More Rain Forecast For Oklahoma
Saturday, June 30th 2007, 8:19 pm
By: News On 6
OKLAHOMA CITY (AP) _ Oklahomans got a brief respite early Saturday from heavy rains that have pounded the state for more than two weeks, but roads and highways remained shut down across the state after rain-swollen creeks and rivers flooded their banks.
Heavy equipment operators worked Saturday west of Ada to pick up five freight cars and a locomotive that derailed Friday afternoon after the train ran into water on the track, said Joe Faust, a spokesman for Burlington Northern-Santa Fe Railway. There were no injuries, and no threat to nearby residents, Faust said.
``The lead locomotive was able to get through, but the second locomotive derailed, along with five cars,'' Faust said.
One railcar lost its entire load of coal and another lost about half its load.
``The other cars, although they overturned, the freight was not compromised,'' Faust said.
In Lawton, residents were forced from more than 200 homes on the city's northeast side on Friday after East Cache Creek sent floodwaters into two housing additions.
A mandatory evacuation was issued about 11:30 p.m. Friday for the Garden Village and Turtle Creek housing additions, leading to a scene that resident Tonya Criger described as ``mass chaos,'' despite the best efforts of emergency officials.
``People were just confused,'' Criger said Saturday. ``They weren't sure if they wanted to leave or wanted to stay. When they saw how high the water was, the reality of everything set in for them.''
Criger said there is only one road that leads in and out of the two housing additions.
``It all came so fast,'' she said. ``It's all been an experience. Hopefully we won't have to do it again soon.''
Residents were allowed back into the additions on Saturday, after some spent the previous night at a Red Cross shelter in Lawton. More are expected to arrive at the shelter Saturday evening, said Anne Thompson, emergency services director for the area Red Cross.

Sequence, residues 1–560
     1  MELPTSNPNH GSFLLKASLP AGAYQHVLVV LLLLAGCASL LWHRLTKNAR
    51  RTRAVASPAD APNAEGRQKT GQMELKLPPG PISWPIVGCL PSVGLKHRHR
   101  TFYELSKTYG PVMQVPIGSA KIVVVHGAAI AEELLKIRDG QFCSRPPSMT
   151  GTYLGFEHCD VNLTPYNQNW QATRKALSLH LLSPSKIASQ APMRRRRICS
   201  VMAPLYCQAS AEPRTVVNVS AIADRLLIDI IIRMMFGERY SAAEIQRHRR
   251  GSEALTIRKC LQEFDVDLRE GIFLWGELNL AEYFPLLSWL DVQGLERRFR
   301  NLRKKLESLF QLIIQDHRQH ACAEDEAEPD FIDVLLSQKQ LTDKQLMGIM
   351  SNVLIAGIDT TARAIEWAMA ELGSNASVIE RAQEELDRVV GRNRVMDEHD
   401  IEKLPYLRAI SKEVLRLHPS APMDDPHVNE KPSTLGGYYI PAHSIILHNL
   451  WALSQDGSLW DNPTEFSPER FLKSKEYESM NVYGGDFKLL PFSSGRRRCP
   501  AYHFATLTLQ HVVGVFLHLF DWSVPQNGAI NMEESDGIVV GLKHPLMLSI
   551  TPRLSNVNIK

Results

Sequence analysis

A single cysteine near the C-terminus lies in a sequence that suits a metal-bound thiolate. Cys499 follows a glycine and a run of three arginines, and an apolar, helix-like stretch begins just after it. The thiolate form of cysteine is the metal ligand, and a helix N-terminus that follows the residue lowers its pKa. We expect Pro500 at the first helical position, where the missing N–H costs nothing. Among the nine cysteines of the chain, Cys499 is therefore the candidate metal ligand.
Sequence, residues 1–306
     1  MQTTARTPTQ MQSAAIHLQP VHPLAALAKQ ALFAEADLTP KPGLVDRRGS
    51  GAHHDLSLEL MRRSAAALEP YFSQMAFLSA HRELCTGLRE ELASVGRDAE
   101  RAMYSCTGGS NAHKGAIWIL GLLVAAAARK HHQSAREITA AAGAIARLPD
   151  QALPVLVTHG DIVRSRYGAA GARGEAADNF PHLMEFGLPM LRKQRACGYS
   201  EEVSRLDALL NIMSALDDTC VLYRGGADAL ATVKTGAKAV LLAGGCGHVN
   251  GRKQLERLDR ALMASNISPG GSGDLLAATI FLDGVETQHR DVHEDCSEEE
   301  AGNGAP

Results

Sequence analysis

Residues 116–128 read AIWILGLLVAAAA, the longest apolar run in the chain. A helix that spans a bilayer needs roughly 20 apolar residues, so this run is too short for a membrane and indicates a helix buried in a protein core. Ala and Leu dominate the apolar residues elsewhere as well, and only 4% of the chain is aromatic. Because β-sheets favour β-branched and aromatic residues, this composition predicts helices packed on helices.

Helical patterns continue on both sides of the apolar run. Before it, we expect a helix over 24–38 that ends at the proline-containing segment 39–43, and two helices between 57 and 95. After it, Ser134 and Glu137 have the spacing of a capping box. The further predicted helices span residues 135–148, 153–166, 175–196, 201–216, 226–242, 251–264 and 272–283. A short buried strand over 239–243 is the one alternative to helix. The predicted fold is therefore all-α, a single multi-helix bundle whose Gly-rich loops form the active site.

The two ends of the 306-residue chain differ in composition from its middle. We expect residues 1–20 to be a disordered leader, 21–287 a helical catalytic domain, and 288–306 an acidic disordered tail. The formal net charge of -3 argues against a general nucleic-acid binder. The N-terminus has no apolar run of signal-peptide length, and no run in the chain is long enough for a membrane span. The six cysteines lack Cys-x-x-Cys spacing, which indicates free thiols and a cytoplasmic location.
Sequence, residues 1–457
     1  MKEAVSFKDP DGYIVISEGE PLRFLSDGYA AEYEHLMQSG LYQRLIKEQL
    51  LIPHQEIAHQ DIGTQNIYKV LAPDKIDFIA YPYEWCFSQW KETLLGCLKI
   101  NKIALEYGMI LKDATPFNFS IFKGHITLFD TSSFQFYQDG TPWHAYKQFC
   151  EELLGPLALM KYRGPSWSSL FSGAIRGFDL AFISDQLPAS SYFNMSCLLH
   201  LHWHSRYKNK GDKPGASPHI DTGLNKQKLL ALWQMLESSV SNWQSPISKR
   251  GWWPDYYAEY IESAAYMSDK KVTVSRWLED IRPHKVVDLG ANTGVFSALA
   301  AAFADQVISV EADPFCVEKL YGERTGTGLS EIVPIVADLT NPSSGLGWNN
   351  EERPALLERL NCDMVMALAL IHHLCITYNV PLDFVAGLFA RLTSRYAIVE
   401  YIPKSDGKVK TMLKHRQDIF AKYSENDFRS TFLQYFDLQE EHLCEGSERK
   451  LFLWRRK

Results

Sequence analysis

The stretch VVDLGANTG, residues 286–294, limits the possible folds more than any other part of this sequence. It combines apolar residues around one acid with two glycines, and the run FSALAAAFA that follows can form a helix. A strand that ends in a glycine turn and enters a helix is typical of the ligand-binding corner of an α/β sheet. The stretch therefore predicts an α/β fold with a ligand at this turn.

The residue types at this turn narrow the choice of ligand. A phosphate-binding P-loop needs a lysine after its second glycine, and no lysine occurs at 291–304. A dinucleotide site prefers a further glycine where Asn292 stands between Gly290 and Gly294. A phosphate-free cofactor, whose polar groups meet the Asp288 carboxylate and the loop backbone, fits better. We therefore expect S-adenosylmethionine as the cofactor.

Other shelters were opened in nearby Cache and in the southern Oklahoma towns of Walters and Waurika, Thompson said.
Portions of Interstate 44 in the Lawton area were shut down for more than 10 hours because of heavy flooding, but were reopened early Saturday morning, the Oklahoma Highway Patrol reported.
Across the state, roads and highways remained closed because of damage to roads and bridges from raging floodwater. Authorities closed the Cherokee Bridge over the Caney River in downtown Bartlesville on Saturday because of high water on State Highway 123 between Bartlesville and Dewey in Washington County.
In Oklahoma City, light rain fell early Saturday, marking the 18th straight day of rain, four days longer than the previous record set in 1937.
``They say save your money for a rainy day, but I'm not going to make any money if it doesn't stop raining,'' said Matt Mattox, owner of Strong Foundations Concrete in Norman. ``As for getting much work done, all my jobs are pretty much on hold.
``You can't pour concrete on a saturated ground, and it doesn't help that it hasn't stopped raining.''
The upper-level, low-pressure system responsible for the rain pushed into southeastern Kansas on Saturday, but more flooding was anticipated as officials released water from reservoirs and lakes to maintain the integrity of dams and levies.
``The normally flooded areas close to rivers are already inundated,'' said Kevin Brown, a meteorologist with the National Weather Service in Norman. ``Some of the reservoirs are up to levels they haven't seen in over a decade. Towns that are near any river in the state, except for western Oklahoma, are seeing flooding problems.''
Meanwhile, more heavy rain was expected in Oklahoma late Sunday and early Monday as the storm system moved back across the state, combining with a moist air mass lingering over Oklahoma.
``We're not out of the woods by any means,'' Brown said Saturday. ``This upper low will come right back over us late Sunday and early Monday. We could see widespread 1- to 3-inch rainfall amounts, with some locations getting 4 to 6 inches again as this upper-level low tracks back over us.''